Peanut allergy treatment trials halted due to severe reactions in children

January 16, 2006 at 10:11 am (Allergy News!)

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There’s a lot of news itching out there!

Here’s today’s big story:

Genentech said to halt allergy tests

Report: Biotech stops peanut allergy treatment trial after ‘severe’ reactions from two kids.
January 16, 2006: 8:23 AM EST

NEW YORK ( – Genentech Inc. put a stop to a clinical trial for a potential treatment for peanut allergies after two children suffered “severe” reactions during tests, according to a news report published Monday.

Genentech (up $1.32 to $87.46, Research), the world’s second-biggest biotech, was conducting clinical trials of Xolair to see if the drug could prevent reactions to peanut allergies, when two of the 150 children in the trial experienced “severe hypersensitivity reactions” to a trace amount of peanut protein, The Wall Street Journal reported Monday.

The children had not been given Xolair, the report said, but were given the protein to test their reactions.

“We are not going to do that anymore,” Genentech spokeswoman Susan Desmond-Hellmann told the newspaper.

Xolair is currently on the market as a treatment for allergic asthma and totaled $320 million in U.S. sales in 2005. Drug makers often test products for additional uses after they’ve already been approved for the market.

Genentech, based in South San Francisco, Calif., reported $5.9 billion in total worldwide sales for 2005. The biotech’s top-selling products are Rituxan, a treatment for non-Hodgkin’s lymphoma that totaled $1.8 billion in U.S. sales in 2005, and Avastin, a treatment for colorectal cancer with $1.1 billion in total U.S. sales.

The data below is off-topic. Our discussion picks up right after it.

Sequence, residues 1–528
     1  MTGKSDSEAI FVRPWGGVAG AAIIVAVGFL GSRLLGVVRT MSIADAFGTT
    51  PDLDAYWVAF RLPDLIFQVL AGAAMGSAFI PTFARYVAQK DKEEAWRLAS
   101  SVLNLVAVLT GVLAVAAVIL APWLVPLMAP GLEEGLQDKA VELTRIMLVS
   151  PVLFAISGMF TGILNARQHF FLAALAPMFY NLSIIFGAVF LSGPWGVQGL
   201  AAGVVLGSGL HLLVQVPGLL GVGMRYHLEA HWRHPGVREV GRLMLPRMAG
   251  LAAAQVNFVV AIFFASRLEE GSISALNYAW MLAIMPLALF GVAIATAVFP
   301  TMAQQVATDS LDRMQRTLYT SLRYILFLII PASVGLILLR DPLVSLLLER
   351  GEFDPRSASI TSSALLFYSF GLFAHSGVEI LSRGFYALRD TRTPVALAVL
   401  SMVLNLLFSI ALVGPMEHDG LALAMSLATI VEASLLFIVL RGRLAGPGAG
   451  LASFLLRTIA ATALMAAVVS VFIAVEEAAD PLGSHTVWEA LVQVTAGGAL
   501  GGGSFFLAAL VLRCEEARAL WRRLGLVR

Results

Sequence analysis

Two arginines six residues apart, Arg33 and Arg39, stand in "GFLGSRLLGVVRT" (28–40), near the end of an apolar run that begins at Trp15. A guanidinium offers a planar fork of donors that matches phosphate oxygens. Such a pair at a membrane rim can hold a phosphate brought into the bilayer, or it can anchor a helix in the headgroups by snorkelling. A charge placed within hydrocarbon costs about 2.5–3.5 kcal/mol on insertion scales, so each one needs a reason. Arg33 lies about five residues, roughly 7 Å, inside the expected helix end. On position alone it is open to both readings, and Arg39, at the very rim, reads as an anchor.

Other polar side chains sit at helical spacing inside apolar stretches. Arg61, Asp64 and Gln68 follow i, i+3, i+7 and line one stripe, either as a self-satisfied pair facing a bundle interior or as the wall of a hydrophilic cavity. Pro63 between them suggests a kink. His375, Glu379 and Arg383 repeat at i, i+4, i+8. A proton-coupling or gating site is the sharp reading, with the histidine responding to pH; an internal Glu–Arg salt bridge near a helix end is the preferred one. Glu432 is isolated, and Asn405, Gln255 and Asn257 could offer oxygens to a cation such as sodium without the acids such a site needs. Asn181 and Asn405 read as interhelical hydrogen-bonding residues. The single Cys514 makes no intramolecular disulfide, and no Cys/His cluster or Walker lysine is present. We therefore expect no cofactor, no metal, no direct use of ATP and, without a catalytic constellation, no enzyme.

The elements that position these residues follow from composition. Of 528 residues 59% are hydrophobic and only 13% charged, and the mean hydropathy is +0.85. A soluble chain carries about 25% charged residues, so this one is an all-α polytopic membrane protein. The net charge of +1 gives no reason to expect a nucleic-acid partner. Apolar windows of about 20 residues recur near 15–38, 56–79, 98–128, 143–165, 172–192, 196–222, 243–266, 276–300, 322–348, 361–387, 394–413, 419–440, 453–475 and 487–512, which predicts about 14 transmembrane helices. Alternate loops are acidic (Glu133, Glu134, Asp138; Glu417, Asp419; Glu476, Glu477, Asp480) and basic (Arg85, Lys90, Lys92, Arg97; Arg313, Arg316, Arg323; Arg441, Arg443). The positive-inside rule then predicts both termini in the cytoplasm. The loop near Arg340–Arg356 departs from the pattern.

Genentech last week reported a 64 percent surge in fourth-quarter earnings, but this failed to impress some investors.

Personal commentary: everything we know about anaphylaxis points to the fact that trace amounts of whatever protein triggers it, WILL trigger it. It disappoints me that a biotech company endangered the lives of children (children!) to test their drug. Imagine how hopeful the parents were who were recruited to participate in this clinical study. They doubtlessly hoped to cure their children of life-threatening peanut allergy. In the rosy glow of such a hope, who wouldn’t sign off on liability and indemnity clauses?

My husband once bemoaned the fact that we didn’t live in a large city where we could participate in a peanut allergy vaccine trial. Personally, I’ve never wanted to risk my son’s life on an experimental treatment. Steve didn’t see it that way–he saw it as hope to be one of the first cured, thereby cutting down on all the days waiting for a treatment, when our son could potentially be exposed to peanut allergen. I can see both sides of the argument, but I remain of the opinion that it’s too risky for my son to take part in–I’m his mom, that’s my right to make that choice.

Anyway, also notice that this article came from the Money section of CNN, not the health news. It’s all about the Benjamins, baby. Sorry if that sounds too cynical, but news like this just reinforces my belief that no one will guard your child’s health and life as well as you will. Trust (in that regard) has to be earned, from where I’m standing. Time after time, people prove themselves incapable of handling the facts about anaphylaxis. Or, I shouldn’t say “incapable,” just unwilling.

Obviously information is not something that should be hard to handle. I guess that until people really have a personal need to understand it, they just won’t.

Even research scientists. 😦

Here‘s an article from CNN’s Health section, from way back in 2003, about having your child swallow charcoal if he or she accidentally ingests food that causes an allergic reaction. It’s a better article, perhaps, but the information about the danger of peanut butter versus the danger of packets of peanuts on an airplane is conflicting and confusing. When in doubt, be safe, keep peanut products out of your home, if you have peanut allergy.



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